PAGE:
Fourth industrial revolution must not cement inequality


Leaders from institutions spanning banking, academia and telecommunications bemoan how South Africa is unprepared for the fourth industrial revolution. This at a juncture at which there is considerable global interest about its potential — undergirded by artificial intelligence — to propel economic and social progression.

A word of caution, however, is critical. The fourth industrial revolution can also reproduce and cement existing inequality.

All initiatives to ensure that South Africa benefits from this “great transformation” should not further marginalise those already at the periphery. These include young people without access to good quality education, jobless youth who are inadequately prepared for the labour market and children who learn under the most dehumanising conditions. The fourth industrial revolution has to empower them and also uplift them from their current situations.

The results from the Trends in International Mathematics and Science Study (Timss), released in 2016, reflected poor performances by South African pupils in grades five and nine. The country was among the five lowest performers in maths and science. Although the study focused only on 59 countries, it demonstrates the urgent need to improve the quality of education.

The worst-performing pupils in South Africa were those at no-fee public schools, who most often are from the poorest households. Pupils at the independent schools performed the best, followed by those from fee-paying public schools.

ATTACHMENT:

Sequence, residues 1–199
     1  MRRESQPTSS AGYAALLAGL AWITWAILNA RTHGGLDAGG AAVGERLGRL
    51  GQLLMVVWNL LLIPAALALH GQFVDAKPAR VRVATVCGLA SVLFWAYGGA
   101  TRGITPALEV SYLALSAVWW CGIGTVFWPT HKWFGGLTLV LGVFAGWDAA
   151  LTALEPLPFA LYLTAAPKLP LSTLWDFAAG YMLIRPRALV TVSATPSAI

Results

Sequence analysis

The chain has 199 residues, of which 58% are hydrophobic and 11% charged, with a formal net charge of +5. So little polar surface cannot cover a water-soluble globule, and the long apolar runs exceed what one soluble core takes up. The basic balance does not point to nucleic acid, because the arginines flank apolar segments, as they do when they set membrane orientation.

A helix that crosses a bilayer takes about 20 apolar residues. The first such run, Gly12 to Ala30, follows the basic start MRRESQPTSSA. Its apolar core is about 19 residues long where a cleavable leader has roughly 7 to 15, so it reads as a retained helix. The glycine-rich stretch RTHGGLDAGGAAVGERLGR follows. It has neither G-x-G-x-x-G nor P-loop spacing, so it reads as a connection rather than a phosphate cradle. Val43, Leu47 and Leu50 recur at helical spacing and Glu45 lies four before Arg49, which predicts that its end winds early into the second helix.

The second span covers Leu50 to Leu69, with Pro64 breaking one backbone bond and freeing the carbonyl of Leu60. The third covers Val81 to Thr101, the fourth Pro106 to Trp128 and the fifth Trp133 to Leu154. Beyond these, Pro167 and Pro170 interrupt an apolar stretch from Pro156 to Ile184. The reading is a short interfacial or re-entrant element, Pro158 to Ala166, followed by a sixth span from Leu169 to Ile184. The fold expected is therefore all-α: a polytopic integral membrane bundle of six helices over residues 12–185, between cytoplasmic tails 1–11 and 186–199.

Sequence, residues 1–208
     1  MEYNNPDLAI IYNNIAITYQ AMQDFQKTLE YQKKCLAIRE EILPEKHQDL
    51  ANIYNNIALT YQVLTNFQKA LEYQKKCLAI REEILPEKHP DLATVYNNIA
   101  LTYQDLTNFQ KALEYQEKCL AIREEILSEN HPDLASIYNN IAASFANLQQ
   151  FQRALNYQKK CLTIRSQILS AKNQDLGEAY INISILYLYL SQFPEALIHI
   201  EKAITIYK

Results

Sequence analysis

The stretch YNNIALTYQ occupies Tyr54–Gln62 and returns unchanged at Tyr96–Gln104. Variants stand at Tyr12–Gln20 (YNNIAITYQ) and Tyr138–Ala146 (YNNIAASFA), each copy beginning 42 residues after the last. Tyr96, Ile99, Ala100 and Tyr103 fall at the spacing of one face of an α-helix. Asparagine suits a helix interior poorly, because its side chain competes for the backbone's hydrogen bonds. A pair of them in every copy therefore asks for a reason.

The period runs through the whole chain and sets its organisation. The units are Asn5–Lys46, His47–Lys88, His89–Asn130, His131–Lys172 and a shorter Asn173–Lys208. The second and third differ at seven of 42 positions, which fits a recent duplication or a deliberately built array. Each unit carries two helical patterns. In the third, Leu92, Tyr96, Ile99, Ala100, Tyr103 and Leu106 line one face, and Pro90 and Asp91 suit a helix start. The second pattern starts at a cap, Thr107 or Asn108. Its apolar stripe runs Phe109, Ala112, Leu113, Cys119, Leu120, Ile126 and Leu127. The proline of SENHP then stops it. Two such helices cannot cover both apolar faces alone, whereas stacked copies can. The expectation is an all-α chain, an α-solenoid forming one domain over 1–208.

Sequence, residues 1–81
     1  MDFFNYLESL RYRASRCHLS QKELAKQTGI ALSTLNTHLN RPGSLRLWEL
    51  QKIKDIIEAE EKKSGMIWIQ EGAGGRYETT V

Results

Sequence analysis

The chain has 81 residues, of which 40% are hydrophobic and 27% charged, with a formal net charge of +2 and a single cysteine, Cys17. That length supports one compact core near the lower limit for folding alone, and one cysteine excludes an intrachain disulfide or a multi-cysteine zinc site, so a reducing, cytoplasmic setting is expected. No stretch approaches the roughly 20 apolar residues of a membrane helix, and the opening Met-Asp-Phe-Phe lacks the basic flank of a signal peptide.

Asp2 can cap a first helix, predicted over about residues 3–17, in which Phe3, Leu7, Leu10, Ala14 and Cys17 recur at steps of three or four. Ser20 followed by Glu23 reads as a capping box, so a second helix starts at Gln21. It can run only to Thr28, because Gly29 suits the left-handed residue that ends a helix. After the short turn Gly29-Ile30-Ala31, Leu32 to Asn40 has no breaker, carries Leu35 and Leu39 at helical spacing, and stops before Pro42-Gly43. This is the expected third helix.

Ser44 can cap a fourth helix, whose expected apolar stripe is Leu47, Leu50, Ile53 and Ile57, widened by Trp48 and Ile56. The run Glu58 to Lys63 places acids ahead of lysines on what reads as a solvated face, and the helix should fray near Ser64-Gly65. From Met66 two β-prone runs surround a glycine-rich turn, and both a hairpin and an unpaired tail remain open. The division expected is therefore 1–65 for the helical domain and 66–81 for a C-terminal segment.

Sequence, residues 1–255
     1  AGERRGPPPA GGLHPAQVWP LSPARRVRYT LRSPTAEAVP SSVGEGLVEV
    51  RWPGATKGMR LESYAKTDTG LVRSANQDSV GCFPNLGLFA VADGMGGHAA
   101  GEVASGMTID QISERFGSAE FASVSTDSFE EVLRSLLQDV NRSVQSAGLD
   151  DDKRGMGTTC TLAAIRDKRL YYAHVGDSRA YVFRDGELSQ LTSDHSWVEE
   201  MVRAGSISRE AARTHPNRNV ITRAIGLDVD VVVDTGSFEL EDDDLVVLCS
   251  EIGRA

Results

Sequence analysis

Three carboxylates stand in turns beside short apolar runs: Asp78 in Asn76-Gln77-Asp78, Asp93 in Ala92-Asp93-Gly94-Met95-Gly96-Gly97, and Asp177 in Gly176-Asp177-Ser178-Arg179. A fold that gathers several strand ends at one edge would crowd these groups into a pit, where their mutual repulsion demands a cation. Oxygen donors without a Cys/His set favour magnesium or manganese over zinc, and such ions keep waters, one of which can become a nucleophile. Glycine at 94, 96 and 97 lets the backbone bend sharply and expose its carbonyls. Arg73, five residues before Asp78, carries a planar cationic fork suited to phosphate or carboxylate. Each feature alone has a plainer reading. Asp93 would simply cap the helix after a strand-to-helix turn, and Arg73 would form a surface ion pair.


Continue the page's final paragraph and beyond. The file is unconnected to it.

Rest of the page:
Gainful employment in many industries of the future will require a grasp of maths and science fundamentals.

The McKinsey Global Institute, in a December 2017 report, notes that around the world 75-million to 375-million workers may need to switch occupational categories by 2030 as a result of automation.

A steady stream of capable young people studying in the relevant fields at tertiary and other levels will be crucial for South Africa.

Without fundamentally improving the accessibility of high-quality education to those from the poorest households, the fourth industrial revolution will continue to reproduce inequality.

Privileged pupils— by virtue of their homes and schools— will benefit the most. They are likely to have, for instance, the complex problem-solving, critical thinking and maths skills that are essential to flourish for studies and work in the industries of the future.

Robust discussions about how to prepare South Africa for the future are necessary. There should be concerted efforts to ensure that young people from the most marginalised sections of society are able to participate fully and to realise their potential as the fourth industrial revolution unfolds.

The private sector, government, civil society and other role players have to be even more actively involved in initiatives to improve the quality of education and skills, especially for those at the periphery. This could be done by adopting under-resourced schools, funding scholarships and setting up training academies in relevant fields. Investments in developing innovative curriculums and teaching methods are also essential.

Research has also shown that high-quality teachers and leaders in the school system lead to better outcomes for pupils. In public schools, particularly the no-fee paying entities, deficiencies in leadership and the quality of teachers require urgent attention.

Evidence has shown that, even though most school leaders and teachers try their best, they often do not have the skills and training to ensure that they deliver on the aims of the curriculum. Stakeholders have to explore the opportunities and potential for artificial intelligence to plug these gaps

Young graduates who are unprepared for the fourth industrial revolution labour market definitely need reskilling. This is urgent. Schools must be improved so that pupils can go on and study in fields that are relevant to the industries of the future.

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